14/11/2013 10:16 GMT | Updated 23/01/2014 18:56 GMT

Funding Impact

Funders in the charitable sector give their money to good causes, so it can seem churlish to say that they need to think more about the impact of their giving. But surely this is true. The way in which funders support their chosen cause can mean they have a lesser or greater impact. All things being equal, funders want to make a greater impact with their money. To achieve that, they need some assessment of how well they are doing--some way of measuring their success.

NPC's new report Funding Impact shows that most funders agree with this sentiment. Nearly nine out of ten use information about the impact of applicants and grantees to make decisions about whether to give funding, and the same proportion are keen to try and understand what difference they themselves are making. Funders sense that the sector is moving further this way, with nearly three quarters expecting to be doing more on impact measurement over the next three years. The direction of travel is clear, even if there is a long way to go.

This is important not only for funders themselves, but also because of their role in driving change in charities. Last year NPC's Making an Impact report showed that charities often only start down the impact measurement road under pressure from funders--even though when they get into it, they do find that it helps them improve what they do and therefore to help more beneficiaries.

But this would not be the sector we know and love if there was a uniformity of views. Some voices caution against all this going too far, saying that it leads to funders or charities avoiding projects and causes that are tricky to measure, or a bias towards only funding what has already been proved to work. Nothing can be further from the truth.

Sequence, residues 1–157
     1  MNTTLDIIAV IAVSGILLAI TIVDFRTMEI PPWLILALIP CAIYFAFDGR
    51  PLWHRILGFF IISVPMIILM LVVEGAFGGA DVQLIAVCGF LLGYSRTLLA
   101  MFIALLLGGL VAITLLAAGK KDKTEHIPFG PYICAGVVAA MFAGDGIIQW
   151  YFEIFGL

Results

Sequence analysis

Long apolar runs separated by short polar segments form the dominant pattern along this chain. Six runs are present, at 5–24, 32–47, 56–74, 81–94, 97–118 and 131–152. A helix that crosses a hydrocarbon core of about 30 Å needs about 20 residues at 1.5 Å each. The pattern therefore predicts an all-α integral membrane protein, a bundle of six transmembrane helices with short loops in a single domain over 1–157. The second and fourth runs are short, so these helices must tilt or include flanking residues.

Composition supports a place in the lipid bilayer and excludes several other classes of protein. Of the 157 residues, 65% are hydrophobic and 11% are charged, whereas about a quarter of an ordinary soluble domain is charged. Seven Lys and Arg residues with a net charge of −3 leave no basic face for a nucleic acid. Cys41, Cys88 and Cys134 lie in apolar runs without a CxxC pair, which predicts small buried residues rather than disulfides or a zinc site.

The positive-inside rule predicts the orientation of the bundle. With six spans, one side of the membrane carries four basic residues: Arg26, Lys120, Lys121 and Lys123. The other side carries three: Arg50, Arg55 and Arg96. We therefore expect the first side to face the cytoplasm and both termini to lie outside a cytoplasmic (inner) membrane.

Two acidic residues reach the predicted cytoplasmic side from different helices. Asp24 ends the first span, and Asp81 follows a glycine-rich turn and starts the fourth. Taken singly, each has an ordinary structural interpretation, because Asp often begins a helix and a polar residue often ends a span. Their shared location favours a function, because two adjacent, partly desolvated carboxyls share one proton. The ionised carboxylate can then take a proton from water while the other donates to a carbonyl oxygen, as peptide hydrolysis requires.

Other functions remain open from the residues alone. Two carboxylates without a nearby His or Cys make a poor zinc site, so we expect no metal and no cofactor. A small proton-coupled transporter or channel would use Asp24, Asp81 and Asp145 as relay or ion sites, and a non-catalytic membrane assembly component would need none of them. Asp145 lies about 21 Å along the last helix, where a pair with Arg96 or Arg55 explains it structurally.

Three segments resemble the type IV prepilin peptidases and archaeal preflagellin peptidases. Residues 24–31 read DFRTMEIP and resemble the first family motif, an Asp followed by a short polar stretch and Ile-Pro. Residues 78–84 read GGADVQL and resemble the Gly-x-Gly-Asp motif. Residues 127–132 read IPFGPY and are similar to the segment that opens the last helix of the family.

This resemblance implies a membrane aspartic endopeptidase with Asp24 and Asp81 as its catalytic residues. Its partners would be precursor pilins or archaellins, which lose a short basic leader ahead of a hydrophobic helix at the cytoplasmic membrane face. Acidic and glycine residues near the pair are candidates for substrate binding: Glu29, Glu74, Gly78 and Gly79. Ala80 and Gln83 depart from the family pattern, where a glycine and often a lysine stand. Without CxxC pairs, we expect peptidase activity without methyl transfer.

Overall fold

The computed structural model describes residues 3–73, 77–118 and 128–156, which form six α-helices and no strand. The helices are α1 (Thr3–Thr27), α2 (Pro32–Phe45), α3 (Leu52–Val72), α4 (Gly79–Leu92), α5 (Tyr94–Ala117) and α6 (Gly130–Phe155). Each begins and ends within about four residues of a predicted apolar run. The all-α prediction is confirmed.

Of course, funders vary widely in what they are trying to achieve and how they go about this. Some are very reactive; a few are extremely strategic. Some expand successful charities; others go for innovation and describe themselves proudly as iconoclastic. Some focus on service delivery; others on advocacy. All of this funding has its merits and a rightful place in our varied sector. But none of that means that the search for improved impact should be outside any funder's brief. There are principles and techniques that help in measuring impact, but there are no rigid rules. The key is to try to get a handle on how you are doing to help you improve. That is as true if you want to fund innovative, one-off projects as it is if you are looking to scale up existing interventions.

This research reveals that more could be done to help funders with the task of impact measurement. Funders are looking to each other and to the sector for guidance, learning and action. The Inspiring Impact programme, run by NPC and with an ACF-led strand for funders, is already trying to produce guidance and tools to help funders understand what they should be doing. This report gives both the Inspiring Impact team and NPC valuable insights on how we can help the sector move forwards.

We lay out three distinct funding types and look at what they could each do to better use evidence of impact for themselves, their grantees and the sector. There really are few excuses left for funders to go slowly on this exercise. Those that distribute funds--which often benefit from the public purse via the tax advantages they enjoy--surely must make efforts to show that they are trying to allocate funding in a sensible and rational way, and should share what they have learnt to improve the evidence base of the sector.